On returning to Montreal George was appointed the Provincial Secretary to the Protestant Sunday School Union of Quebec. In this capacity along with his wife, also a delegate, he attended the Seventh International and the World‘s 2nd Sunday School Convention in St Louis, Missouri U.S.A. in 1893. He was elected a member of the International Executive Committee 1893-96. At the Convention England and Wales was reported as having the largest number of Sunday Schools in Europe. There were 37,201 Sunday Schools, with 585,457 teachers and 5,976,537 scholars. Attending the Conventions put George in touch with delegates from many countries, including England, Wales and Scotland. It also introduced him to the new thinking about how to teach children and young people.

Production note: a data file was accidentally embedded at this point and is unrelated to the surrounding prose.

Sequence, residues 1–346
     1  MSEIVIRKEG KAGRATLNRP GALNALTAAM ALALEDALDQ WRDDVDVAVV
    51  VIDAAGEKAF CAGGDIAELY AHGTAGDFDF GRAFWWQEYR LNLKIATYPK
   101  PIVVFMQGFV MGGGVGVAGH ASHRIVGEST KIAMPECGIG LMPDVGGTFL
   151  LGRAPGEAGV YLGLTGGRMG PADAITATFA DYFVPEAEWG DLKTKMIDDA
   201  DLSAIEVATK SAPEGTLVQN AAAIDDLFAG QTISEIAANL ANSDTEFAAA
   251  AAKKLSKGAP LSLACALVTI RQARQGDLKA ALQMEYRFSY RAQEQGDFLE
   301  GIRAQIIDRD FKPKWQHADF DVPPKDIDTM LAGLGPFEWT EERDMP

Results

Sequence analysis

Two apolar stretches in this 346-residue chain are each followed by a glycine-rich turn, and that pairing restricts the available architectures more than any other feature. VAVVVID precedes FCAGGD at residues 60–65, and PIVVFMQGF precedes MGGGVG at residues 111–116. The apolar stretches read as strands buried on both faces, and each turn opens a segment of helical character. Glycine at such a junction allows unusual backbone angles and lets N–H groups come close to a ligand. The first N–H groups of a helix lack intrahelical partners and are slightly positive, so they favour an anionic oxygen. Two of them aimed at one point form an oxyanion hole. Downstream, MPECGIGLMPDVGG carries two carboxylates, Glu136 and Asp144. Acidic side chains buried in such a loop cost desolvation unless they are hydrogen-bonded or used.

A new approach to Sunday school teaching The general approach to education at the time was ‘subject-centred’. John Dewey (1859-1952) the American forward thinking educationalist was encouraging ‘student-centred’ learning. Dewey’s philosophical approach was pragmatic. He advocated solving problems through experience. Armstrong seeing the value of Dewey’s learning through activity instead of by rote and wearisome reputation encourage the Canadian Sunday School teachers to put the ‘child first’ before the subject. Armstrong’s enthusiasm for Dewey’s method of teaching drew him to the notice of international leaders attending the 1896 Boston and the 1899 Atlanta Conventions. The British delegation saw the need to review Sunday school teaching. 1905 was a pivotal year. Firstly Archibald was invited to give a 5 week lecture tour in major British cities. The tour was strenuous which frequently saw George giving two and sometimes three lectures a day. Secondly Peake, Dr Arthur Samuel A. S. Peake (1865-1929) wrote a series of articles in ''Primitive Methodist Leader'', beginning on 7 September entitled 'The Reform of the Sunday School'. Based on the comments of students entering Hartley College, Manchester about Sunday schools Peake wrote of the unsatisfactory quality of the ‘International Uniformed Lesson System’ although he acknowledged that it had improved. Thirdly George received an invitation from Frederick Taylor, of the Friends’(Quakers) Firstday (Sunday) School Association, to be the guest speaker at their Easter Conference at Northfield Manor House, the home of George Cadbury, the chocolate manufacturer, benefactor, and Sunday school teacher. George Cadbury listened carefully to Archibald’s lectures about children and their intelligence, temperament, and their worlds of make believe. He outlined the place of fantasy, myths and legends in the child’s imagination. He also outlined the role of teachers as teachers. Based on his research into children’s intelligence Archibald reminded his listeners that ‘A child of twelve is nearer to a person of twenty in mental outlook than a child of six is to one of twelve. George Cadbury was impressed but said does your theory work. Yes replied Armstrong. With this assurance Cadbury, invited him to open a demonstration Sunday school in Ruskin Hall in Bournville Garden village to demonstrate his methods. John William Hoyland (1855-1927) the Director of the Friends’ College for training missionary candidates offered him a number of young men and women to assist him. This was providential because these young missionaries used on the mission fields Archibald’s techniques to teach children. In the demonstration Sunday school Armstrong had comfortable child sized chairs, a blackboard, sand trays, plasticine, pencils, paper and building blocks. He graded the classes according to age. There were no wearisome tasks, no bribes offered to learn unrelated memory passages. The Bible was presented imaginatively and graded to suite the different age groups. so that the children were fascinated and thrilled by its stories and uplifted by Christ. This venture soon led to the opening of Westhill College, Birmingham with George Hamilton Archibald as Principal. Archibald's impact on Methodism came through his lecture tours and through Westhill College students such as Miss Ethel Bossons the Primitive Methodist/Methodist Archibald method demonstrator. The Methodist Westhill College lecturer Hubery, Douglas Stanley (1916-1988) by his publications such as The Experiential Approach to Christian Education (1960) further developed the method.